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Wednesday, October 07, 2009  

Justice: It's a Pain in the Backside

In the recent New Yorker profile of Michael Ignatieff, the Canadian Liberal Party leader and scholar of Isaiah Berlin argues for liberty against equality by quoting Berlin's dictum that liberty is a cold kind of virtue. It promises non-compulsion rather than any positive notion of a good life. Like it or not, there is some truth to this notion, in practice if not in principle.

It seems to me that the same thing can be said of justice. We depict Justice as blindfolded to express an appealing kind of impartiality--that she will not make invidious distinctions or condemn the innocent for their race, class, or unpopularity. But there's an unappealing side to impartiality, too. It means, if it means anything, that she brings her sword to bear on the friend, the co-partisan, the colleague, the classmate, the ideological fellow-traveler.

This is something I've been considering as I see a rash of what I can only call legal Calvinball going on in American elite circles. Should we investigate the decisions and decision-makers who legalized torture after the terrorist attacks on New York and Washington? No, the gray heads agree, that would be criminalizing politics. Should we then investigate those acts and actors who went even beyond the torture legalized? No, that would have a "chilling effect" on the CIA. Should John Ashcroft be legally liable for detaining people without communication, charge, or warrant? No, because we don't want our leaders to consult a lawyer every time they do something--like lock someone up in flagrant violation of Constitutional provisions--that might be interpreted as "depriving a person of civil rights."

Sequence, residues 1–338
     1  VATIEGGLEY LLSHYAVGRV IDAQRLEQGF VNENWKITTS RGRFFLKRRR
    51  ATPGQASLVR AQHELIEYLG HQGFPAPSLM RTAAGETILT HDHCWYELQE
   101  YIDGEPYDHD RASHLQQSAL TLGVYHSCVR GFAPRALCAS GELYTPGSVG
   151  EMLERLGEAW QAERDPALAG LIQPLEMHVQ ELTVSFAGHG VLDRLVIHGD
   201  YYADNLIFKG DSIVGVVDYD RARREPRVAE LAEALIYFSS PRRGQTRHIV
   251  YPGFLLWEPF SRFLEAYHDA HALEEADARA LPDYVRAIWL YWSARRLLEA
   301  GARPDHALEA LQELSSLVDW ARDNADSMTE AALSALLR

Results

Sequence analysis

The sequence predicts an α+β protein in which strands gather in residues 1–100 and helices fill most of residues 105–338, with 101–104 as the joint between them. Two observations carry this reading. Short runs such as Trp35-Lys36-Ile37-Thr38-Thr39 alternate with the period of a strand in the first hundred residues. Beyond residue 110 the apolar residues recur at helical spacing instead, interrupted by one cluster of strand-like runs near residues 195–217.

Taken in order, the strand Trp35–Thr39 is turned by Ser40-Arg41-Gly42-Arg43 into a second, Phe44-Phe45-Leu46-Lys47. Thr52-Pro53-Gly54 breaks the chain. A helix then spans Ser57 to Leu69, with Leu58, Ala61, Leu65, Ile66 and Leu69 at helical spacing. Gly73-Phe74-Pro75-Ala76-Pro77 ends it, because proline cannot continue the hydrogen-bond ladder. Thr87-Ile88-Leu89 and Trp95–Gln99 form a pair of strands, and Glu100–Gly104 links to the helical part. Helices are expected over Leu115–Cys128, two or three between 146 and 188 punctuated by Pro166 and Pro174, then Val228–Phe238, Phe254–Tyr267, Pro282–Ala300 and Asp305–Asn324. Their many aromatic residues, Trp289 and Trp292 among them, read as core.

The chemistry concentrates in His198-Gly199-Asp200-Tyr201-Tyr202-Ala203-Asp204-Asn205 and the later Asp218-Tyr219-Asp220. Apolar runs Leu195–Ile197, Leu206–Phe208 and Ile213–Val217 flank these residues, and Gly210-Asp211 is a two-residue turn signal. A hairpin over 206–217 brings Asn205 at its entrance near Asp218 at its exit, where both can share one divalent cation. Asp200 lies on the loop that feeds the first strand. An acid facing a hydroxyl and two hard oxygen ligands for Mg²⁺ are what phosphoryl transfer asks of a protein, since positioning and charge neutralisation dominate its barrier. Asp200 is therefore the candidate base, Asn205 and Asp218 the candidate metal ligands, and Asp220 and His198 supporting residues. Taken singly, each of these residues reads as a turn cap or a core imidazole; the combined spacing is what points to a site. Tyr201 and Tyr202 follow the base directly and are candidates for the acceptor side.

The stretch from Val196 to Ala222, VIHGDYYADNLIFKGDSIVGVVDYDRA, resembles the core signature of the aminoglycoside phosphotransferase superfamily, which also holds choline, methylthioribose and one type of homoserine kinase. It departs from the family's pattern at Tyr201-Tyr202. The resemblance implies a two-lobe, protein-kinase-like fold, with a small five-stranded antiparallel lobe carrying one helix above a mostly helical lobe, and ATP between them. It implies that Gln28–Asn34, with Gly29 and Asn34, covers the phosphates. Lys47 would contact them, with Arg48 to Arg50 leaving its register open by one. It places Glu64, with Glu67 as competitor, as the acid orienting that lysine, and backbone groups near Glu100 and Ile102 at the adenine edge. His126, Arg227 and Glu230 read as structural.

One wonders, hearing this endlessly invoked Mulligan Theory of legal accountability, what the purpose of laws against torture, indefinite detention, and the like is supposed to be. The blindness and rigor of the law are meant to have a chilling effect on people who want to find exotic ways to abuse other human beings. They are meant to bring decision-makers to account, even when they acted in good faith, if they exceeded what the law allows.

To put it another way, imagine making the argument that owners of a front business for drug money shouldn't be indicted because it would have a chilling effect on inner-city entrepreneurship. In fact, you hear arguments vaguely similar in cases of jury nullification, in which the broader interests of the community (typically a low-income minority community suffering from extravagant incarceration rates) are held above the enforcement of the law. But those cases are rare, controversial, and by definition come in the context of an indictment and prosecution.

What is so strange, and so impossible to imagine when you change the variables, is the tacit agreement of a whole class of decision-makers that the law is just moot when it comes to people like them. I would be ashamed of myself to claim that I would not take an action I believed necessary in an emergency for the sake of the nation because I was afraid of a lawsuit after the fact. What kind of person is willing to legalize torture but not willing to face the (comparatively trivial) consequences of legalizing torture? Someone, I guess you could say, who has no honor--no sense that power must render an account of itself, that failure, however well-intentioned, requires a penalty, that the law must take its pound of flesh even from our own pasty bureaucratic gut.

Justice is, or should be, a rather cold virtue. It can allow only minor distinctions between a crime committed in good faith by a "good" person and another kind of crime. If it doesn't do that, it's not there.

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posted by Benjamin Dueholm | 3:35 PM
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